Mujuru's People First a threat to the existence of MDC-T

By: 
Dr Tapiwa Shumba

Joice Mujuru

SAD as it may sound to those of us who invested their youth towards democratic change in Zimbabwe, the reality is that all human and natural permutations are consistent with the imminent decline of the Movement for Democratic Change (MDC) owing to the excitement around the emergence of People First (PF). It is not hidden knowledge that all things, at some point, come to an end.

Of course, it is too simplistic to say that a political party faces extinction simply because of the emergence of another political party. However, in the case of the MDC this view is not that entirely simplistic. It is supported by concrete events in the lifespan of the movement itself. In fact, no one tells a better story of the decline of the MDC than the MDC itself.

The MDC was formed in 1999 and rose to prominence on the backdrop of the economic decline registered around early 2000. So charismatic and powerful was the MDC around 2000 and 2002 that it enjoyed tremendous support from the people; support enough for it to wrestle power from Zanu PF. But it didn’t. The support enjoyed by the MDC would drop in the 2005 election due to, mainly, poor leadership and lack of strategy which saw power struggles and infighting ahead of national elections.

With the economic and political situation worsening towards the 2008 elections, the MDC rebound was inevitable. The party regained its political base and almost capitalised on the ruling party’s apparent inefficiencies in dealing with the dire economic challenges that saw hyperinflation precipitated by a worthless currency and empty shelves. The MDC won the 2008 election but did not win power.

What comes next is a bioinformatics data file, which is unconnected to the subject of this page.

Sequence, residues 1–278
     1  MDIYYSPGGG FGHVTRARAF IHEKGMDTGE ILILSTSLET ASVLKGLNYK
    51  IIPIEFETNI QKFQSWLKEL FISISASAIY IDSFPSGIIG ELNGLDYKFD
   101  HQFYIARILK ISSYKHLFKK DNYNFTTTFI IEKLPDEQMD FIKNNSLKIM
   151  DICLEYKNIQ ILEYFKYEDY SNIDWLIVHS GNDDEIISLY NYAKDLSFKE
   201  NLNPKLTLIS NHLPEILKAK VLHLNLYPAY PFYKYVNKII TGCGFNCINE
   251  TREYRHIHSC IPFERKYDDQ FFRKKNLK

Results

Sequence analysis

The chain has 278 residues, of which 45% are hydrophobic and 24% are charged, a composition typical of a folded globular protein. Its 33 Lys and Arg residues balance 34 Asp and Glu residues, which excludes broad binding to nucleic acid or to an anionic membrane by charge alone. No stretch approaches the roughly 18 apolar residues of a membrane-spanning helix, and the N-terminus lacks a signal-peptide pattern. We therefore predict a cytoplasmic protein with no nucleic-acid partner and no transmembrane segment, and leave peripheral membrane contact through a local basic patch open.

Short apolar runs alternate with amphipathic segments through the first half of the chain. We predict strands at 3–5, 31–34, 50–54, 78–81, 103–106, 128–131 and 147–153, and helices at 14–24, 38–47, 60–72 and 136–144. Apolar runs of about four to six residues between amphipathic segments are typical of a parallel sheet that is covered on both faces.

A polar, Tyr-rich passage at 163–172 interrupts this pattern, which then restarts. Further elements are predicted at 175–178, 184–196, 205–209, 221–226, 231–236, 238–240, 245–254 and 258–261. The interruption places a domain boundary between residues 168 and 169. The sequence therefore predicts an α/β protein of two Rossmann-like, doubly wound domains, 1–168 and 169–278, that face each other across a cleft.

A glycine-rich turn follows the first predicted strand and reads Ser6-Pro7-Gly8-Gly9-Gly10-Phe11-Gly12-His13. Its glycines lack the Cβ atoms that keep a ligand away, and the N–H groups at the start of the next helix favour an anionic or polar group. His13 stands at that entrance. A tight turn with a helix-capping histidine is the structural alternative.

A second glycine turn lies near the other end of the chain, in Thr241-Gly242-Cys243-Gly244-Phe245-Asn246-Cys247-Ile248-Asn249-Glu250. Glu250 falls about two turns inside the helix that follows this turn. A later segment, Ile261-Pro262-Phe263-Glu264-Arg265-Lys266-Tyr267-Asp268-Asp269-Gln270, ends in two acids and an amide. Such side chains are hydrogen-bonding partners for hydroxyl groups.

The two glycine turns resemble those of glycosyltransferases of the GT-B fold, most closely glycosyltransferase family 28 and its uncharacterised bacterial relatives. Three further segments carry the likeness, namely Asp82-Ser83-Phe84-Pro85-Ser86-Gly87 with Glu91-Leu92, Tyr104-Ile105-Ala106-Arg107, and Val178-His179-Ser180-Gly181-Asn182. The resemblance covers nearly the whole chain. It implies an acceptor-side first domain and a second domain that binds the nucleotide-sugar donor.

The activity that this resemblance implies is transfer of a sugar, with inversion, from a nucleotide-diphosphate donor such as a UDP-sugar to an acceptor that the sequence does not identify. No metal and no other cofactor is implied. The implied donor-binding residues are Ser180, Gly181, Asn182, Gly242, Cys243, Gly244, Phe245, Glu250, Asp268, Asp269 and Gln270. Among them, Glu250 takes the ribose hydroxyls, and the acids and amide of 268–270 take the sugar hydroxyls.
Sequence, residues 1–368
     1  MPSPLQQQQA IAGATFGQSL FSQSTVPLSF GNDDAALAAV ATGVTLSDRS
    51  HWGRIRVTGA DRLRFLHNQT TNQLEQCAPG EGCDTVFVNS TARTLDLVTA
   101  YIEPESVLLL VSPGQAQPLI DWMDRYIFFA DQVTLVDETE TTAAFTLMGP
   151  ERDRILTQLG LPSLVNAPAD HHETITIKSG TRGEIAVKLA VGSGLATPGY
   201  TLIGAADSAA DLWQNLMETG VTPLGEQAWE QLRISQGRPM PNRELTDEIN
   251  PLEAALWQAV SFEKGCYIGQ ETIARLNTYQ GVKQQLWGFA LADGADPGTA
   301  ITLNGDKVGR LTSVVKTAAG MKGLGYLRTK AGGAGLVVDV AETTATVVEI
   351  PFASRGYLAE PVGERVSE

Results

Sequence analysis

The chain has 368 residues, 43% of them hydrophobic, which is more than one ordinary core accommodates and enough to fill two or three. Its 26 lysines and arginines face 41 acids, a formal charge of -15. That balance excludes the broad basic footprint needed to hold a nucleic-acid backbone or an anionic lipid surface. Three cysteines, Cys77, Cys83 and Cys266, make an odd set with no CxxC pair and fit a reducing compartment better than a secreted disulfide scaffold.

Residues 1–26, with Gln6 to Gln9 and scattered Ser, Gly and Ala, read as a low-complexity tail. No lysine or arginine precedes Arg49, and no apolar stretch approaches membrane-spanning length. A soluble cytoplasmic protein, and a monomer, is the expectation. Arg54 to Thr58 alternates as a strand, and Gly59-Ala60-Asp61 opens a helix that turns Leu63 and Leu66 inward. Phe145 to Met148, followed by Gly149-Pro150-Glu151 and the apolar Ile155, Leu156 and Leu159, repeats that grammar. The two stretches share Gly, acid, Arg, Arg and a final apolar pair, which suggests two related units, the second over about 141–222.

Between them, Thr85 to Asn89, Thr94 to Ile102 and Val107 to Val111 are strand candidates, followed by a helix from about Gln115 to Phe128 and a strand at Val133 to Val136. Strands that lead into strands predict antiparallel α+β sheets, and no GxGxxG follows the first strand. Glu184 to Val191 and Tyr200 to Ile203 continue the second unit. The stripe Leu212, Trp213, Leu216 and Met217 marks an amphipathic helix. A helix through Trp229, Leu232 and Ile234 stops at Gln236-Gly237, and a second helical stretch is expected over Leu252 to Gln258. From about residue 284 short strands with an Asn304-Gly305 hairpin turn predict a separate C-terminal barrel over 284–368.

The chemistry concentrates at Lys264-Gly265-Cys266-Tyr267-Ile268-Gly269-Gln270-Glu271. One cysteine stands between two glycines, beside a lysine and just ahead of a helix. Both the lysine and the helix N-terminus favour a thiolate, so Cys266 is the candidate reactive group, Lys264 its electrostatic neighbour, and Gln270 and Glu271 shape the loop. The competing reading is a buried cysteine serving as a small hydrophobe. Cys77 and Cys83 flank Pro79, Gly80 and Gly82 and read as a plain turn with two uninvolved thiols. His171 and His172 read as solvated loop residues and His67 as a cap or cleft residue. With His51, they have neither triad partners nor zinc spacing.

Perhaps, the MDC’s participation in the government of national unity saved the country from total collapse and helped restore political and economic stability but instead of propelling the MDC further and presenting it as the better alternative, remarkably, all that good work backfired. Not for any other reason except that whilst the MDC was astute on its economic agenda it was naïve in its political strategy.

The 2013 election represented the last genuine hope for the MDC to wrestle power from Zanu PF outside any miraculous intervention from supernatural forces. It is not complicated to see how the MDC lost in 2013. Arithmetically, if you don’t win an election in 2008 as the opposition, you cannot win it in 2013.

The reason why PF will sweep the MDC’s political base is because for all those people that genuinely long for change, the less delusional know that the MDC can only now realistically lose more ground than it can gain. The MDC cannot register a new high beyond 2008. It had its fair chance and that opportunity was missed because of poor leadership and strategy.

That is not to say the MDC will suddenly disappear; surely not. It will maintain a good but inadequate following simply because for those that have sacrificed their time and lives for the party, they would rather believe that a miracle will raise their party from the dead than imagine the reality that the sun will soon set on it. But for the rest, including those that have left the main MDC to join or form other political parties, the courage to accept this and refocus the struggle is a clear sign of faith drain.

The major reason why there is so much excitement about PF than with the emergence of any other political party during the life of the MDC is that for the first time people have come to a true and reasonable understanding that the MDC will never get a better chance than it has lost so far. People are not prepared to continue to support a party that has no hope of winning and taking power and the MDC now clearly seems to be that party.